Researchers Find Declining Trend in Lung Tumors
Newswise — Despite a global increase in adenocarcinoma of the lung throughout the last half century, new research reveals that a continuous decline of malignant tumors is now evident in the United States. Researchers from Georgia and Alabama reviewed data from The Surveillance Epidemiology and End Results Program and found that from 1973 to 1998 incidence rates of adenocarcinoma of the lung were increased 83 percent in men and more than 200 percent in women. But, from 1999 to 2003, the rates were shown to decline by 14 percent in men and 8 percent in women. Researchers suggest possible causes of the decline could be attributed to decrease in air pollution, the increase use of low-tar cigarettes, or a decline in environmental tobacco smoke exposure. This study appears in the April issue of CHEST, the peer-reviewed journal of the American College of Chest Physicians.
Statins May Reduce Death in Pneumonia/Flu
New research suggests that statins may be useful when treating infection-related influenza and pneumonia. In a matched cohort study (76,232 subjects) and two separate case-control studies (397 influenza deaths and 207 COPD deaths), researchers from New Mexico evaluated mortality risk and survival times using health-care encounter data. Researchers found that influenza and pneumonia death odds ratios were significantly less in moderate-dose statin users in the cohort study. These findings were successfully confirmed with the case-control studies, as well. This study appears in the April issue of CHEST, the peer-reviewed journal of the American College of Chest Physicians.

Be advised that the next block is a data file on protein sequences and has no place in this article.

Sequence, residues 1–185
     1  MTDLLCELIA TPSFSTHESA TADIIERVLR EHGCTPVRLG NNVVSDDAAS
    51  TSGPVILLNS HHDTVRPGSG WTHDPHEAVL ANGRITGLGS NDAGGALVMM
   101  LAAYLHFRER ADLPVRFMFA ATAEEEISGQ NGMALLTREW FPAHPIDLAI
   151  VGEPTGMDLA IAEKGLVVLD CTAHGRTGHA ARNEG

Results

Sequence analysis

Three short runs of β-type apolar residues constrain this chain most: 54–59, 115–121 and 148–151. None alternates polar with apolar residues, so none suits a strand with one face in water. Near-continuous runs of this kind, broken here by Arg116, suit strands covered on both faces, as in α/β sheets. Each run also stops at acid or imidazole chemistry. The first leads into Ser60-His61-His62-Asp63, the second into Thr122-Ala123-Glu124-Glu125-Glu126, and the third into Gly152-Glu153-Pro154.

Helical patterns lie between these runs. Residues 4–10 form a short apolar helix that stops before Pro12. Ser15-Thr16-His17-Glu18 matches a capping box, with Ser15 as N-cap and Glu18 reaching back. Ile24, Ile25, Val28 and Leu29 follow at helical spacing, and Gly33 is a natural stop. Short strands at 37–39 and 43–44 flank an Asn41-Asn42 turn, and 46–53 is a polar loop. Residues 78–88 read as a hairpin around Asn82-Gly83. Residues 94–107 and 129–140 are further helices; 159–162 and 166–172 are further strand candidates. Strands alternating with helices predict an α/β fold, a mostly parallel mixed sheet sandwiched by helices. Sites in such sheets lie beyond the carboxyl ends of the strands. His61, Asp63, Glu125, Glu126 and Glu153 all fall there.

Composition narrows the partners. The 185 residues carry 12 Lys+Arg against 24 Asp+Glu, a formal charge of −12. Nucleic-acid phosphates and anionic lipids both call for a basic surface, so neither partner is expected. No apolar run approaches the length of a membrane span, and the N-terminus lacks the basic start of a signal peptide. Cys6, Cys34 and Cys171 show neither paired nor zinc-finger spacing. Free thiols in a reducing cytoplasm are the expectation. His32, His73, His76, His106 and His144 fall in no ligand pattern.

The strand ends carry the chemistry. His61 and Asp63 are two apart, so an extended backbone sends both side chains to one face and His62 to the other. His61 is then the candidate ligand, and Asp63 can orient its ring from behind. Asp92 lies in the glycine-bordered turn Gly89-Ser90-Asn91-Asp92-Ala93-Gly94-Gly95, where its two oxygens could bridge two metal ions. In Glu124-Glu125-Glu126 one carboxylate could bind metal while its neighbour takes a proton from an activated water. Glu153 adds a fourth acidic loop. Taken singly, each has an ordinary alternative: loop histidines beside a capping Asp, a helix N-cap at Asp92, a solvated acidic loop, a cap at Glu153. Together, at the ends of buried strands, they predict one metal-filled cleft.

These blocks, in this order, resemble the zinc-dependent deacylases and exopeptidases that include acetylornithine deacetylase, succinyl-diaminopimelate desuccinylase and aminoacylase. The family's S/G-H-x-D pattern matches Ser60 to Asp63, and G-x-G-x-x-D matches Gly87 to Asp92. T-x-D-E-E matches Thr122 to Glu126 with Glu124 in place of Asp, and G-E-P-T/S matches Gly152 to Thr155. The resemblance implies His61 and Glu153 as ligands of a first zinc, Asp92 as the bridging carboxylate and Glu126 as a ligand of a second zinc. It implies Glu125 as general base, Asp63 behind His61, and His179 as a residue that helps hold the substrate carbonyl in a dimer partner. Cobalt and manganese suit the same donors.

Affects of Smoking Tested in the Young and Healthy
A new study shows that left ventricular (LV) diastolic function, which is often impaired by age or obesity, is also affected by smoking in the young and physically fit. Researchers from Poland examined 66 volunteers, who were all under the age of 40 and had a body mass index less than 25, and split them into two groups according to smoking status: 33 healthy smokers and 33 non-smokers. Members of the healthy smokers group received an echocardiographic examination before and after smoking one cigarette, and researchers then evaluated pulmonary venous flow (PVF) and tricuspid valve flow (TVF) to assess diastolic function. Results showed that mitral valve flow (MVF) and PVF in the healthy smokers demonstrated LV relaxation impairment, and that TVF showed right ventricular relaxation impairment in healthy smokers, before and after smoking one cigarette. Heart rate was also shown to be significantly higher in healthy smokers after smoking a cigarette, when compared with the healthy smokers before smoking a cigarette and nonsmokers. This study appears in the April issue of CHEST, the peer-reviewed journal of the American College of Chest Physicians.